Index to Chiropractic Literature
Index to Chiropractic Literature
My ICL     Sign In
Wednesday, October 4, 2023
Index to Chiropractic LiteratureIndex to Chiropractic LiteratureIndex to Chiropractic Literature

For best results switch to Advanced Search.
Article Detail
Return to Search Results
ID 25332
  Title Post-infectious ankylosis of the cervical spine in an army veteran: A case report
Journal Chiropr & Manual Ther. 2018 ;26(40):Online access only 5 p
Peer Review Yes
Publication Type Case Report

Background: Vertebral osteomyelitis is a rare, life-threatening condition. Successful management is dependent on prompt diagnosis and management with intravenous antibiotic therapy or surgery in addition to antibiotics. Reoccurrence is minimal after 1 year. However, very little is reported in the conservative spine literature regarding the long-term follow-up and the changes to the spine following management of the spinal infection. We report the dramatic radiologic findings of the long-term sequela of a cervical spine infection following a gunshot wound from 1969. Most impressive to the spine specialist is this patient’s ability to return to work despite significant alterations to spinal biomechanics.

Case presentation: A 69 year-old caucasian male presented to the chiropractic clinic at a Veterans Affairs Medical Center with complaint of chronic left shoulder pain secondary to an associated full thickness tear of the left infraspinatus. An associated regional assessment of the cervical spine ensued. Radiological imaging on file revealed ankylosis C2/C3 to C7/T1. The patient reported a history of multiple fragment wounds in 1969 to the left anterior neck and shoulder 45 years earlier. Osteomyelitis of the cervical spine resulted from the wounds.

Conclusion: Potential sequela of osteomyelitis is ankylosis of affected joints. In this particular case, imaging provides evidence of regional ankylosis of the cervical spine. Considering the patient did not complain of cervical pain or related symptoms apart from lack of cervical range of motion, and his Neck Disability Index score was 2 out of 50 (4%), no intervention was provided to the cervical spine. The patient reported he self-managed well, worked full-time as a postal worker after he was discharged due to the injury to his neck, and planned to retire in less than one month at age 70. The patient demonstrates successful return to work with pending retirement at age 70 following spondylodiscitis and subsequent ankylosis of the cervical region.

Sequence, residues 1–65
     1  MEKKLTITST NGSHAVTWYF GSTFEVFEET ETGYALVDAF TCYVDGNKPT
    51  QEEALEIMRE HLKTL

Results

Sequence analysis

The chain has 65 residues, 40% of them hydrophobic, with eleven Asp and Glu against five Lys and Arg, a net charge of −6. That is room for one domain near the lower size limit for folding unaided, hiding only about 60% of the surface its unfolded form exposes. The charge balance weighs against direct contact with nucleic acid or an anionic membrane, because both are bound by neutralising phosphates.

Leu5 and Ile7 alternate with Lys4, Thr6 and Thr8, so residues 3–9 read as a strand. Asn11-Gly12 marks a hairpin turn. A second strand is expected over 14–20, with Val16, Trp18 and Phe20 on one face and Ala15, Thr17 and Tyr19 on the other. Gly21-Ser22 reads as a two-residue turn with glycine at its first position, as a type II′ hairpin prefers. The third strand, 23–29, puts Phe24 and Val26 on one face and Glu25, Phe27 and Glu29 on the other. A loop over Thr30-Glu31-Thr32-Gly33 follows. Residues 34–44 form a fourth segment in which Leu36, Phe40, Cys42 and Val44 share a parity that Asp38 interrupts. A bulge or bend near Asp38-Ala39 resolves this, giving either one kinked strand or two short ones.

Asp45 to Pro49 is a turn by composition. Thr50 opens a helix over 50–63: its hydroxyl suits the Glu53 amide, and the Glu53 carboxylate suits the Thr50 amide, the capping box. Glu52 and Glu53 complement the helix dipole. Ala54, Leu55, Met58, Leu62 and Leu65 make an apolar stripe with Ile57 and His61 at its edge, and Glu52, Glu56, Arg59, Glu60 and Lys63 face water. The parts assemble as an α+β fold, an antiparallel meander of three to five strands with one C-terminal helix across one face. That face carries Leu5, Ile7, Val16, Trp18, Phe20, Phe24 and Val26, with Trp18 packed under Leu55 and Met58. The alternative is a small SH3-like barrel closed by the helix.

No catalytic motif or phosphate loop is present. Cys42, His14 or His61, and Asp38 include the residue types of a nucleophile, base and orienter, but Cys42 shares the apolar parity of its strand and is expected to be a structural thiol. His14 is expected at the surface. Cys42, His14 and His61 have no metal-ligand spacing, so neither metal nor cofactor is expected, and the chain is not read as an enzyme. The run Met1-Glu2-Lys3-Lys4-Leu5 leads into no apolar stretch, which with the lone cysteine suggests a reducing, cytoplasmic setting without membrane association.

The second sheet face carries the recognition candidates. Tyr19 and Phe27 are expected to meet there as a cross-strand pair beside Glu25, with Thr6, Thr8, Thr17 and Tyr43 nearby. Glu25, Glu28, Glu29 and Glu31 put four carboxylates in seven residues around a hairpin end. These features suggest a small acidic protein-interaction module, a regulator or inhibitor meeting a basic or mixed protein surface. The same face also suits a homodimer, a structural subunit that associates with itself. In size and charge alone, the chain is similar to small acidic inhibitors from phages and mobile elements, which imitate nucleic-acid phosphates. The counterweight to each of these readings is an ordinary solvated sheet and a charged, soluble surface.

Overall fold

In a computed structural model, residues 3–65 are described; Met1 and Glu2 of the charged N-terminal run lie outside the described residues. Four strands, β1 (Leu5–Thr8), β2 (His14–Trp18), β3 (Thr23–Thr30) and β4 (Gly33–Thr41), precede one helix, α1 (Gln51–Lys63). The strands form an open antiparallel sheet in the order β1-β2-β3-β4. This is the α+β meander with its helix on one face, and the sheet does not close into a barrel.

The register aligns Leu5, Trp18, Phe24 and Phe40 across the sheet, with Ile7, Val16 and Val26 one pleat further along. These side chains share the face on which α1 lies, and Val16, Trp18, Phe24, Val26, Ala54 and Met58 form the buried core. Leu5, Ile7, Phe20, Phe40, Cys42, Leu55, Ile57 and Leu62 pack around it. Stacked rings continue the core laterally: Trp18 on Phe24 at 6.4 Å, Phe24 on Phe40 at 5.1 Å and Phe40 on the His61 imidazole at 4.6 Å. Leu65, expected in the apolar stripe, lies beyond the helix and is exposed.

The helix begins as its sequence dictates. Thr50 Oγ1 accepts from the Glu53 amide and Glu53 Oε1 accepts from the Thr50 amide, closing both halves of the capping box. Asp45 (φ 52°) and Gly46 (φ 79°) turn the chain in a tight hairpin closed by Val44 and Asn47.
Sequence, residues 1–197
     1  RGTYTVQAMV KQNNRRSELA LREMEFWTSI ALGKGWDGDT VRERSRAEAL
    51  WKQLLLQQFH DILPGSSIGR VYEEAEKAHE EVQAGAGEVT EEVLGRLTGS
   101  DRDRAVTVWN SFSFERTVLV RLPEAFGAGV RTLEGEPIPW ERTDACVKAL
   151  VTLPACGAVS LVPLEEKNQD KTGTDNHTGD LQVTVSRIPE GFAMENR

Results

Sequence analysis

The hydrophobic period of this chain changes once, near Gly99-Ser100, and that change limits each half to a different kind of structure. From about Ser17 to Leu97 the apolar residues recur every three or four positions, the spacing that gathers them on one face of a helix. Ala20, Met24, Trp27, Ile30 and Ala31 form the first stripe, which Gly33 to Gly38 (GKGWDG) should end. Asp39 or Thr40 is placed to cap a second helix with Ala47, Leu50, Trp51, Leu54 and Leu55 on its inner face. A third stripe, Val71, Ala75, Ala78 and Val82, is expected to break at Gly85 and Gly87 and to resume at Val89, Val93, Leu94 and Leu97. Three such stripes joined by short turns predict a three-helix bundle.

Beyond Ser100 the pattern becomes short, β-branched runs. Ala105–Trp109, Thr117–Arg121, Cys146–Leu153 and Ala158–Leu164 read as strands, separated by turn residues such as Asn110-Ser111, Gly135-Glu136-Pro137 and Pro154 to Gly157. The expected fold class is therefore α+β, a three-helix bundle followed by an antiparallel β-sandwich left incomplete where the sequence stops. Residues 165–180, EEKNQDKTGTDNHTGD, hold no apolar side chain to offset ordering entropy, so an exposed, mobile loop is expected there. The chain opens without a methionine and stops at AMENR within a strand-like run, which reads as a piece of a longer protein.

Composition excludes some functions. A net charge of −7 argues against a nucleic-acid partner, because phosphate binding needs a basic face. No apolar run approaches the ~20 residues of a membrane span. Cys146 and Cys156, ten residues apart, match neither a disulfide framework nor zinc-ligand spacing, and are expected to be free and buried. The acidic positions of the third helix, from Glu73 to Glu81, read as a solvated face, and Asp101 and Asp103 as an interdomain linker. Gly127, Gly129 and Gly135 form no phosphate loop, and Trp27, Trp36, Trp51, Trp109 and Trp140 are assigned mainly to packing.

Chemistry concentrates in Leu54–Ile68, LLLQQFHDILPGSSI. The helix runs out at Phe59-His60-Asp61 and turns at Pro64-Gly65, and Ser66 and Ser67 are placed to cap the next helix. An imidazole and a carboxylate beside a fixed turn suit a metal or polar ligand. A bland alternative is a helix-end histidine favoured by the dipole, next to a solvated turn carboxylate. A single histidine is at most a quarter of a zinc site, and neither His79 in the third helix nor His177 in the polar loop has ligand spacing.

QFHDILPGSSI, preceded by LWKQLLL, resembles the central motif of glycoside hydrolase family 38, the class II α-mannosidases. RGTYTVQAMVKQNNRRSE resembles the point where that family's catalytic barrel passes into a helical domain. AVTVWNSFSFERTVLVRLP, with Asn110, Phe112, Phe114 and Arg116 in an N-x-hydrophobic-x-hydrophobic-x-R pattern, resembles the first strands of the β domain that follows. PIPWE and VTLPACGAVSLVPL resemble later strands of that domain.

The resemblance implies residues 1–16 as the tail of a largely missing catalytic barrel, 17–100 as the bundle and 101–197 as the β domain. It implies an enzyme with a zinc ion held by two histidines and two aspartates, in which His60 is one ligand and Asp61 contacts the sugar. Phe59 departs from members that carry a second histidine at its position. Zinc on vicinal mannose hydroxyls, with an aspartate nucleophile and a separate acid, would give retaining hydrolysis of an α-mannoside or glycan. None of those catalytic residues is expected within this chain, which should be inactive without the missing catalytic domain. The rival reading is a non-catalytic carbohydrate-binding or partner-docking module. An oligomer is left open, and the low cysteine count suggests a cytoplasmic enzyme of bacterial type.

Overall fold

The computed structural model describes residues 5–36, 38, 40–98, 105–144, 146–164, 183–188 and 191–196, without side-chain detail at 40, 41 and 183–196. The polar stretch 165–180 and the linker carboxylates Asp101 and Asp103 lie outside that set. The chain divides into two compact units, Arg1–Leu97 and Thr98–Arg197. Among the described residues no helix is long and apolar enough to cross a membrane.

Author Keywords: Ankylosis — Cervical-Veteran — Military personnel — Osteomyelitis — Spondylodiscitis

Author affiliations: ZAC, MTA: Physical Medicine & Rehabilitative Services, VA Butler Healthcare, Butler, PA, USA;
ETS, CDW: Department of Chiropractic Clinical Sciences, New York Chiropractic College, Seneca Falls, USA

This abstract is reproduced with the permission of the publisher; click on the above link for free full text. PubMed Record


   Text (Citation) Tagged (Export) Excel
Email To
HTML Text     Excel

To use this feature you must register a personal account in My ICL. Registration is free! In My ICL you can save your ICL searches in My Searches, and you can save search results in My Collections. Be sure to use the Held Citations feature to collect citations from an entire search session. Read more search tips.

Sign Into Existing My ICL Account    |    Register A New My ICL Account
Search Tips
  • Enclose phrases in "quotation marks".  Examples: "low back pain", "evidence-based"
  • Retrieve all forms of a word with an asterisk*, also called a wildcard or truncation.  Example: chiropract* retrieves chiropractic, chiropractor, chiropractors
  • Register an account in My ICL to save search histories (My Searches) and collections of records (My Collections)
Advanced Search Tips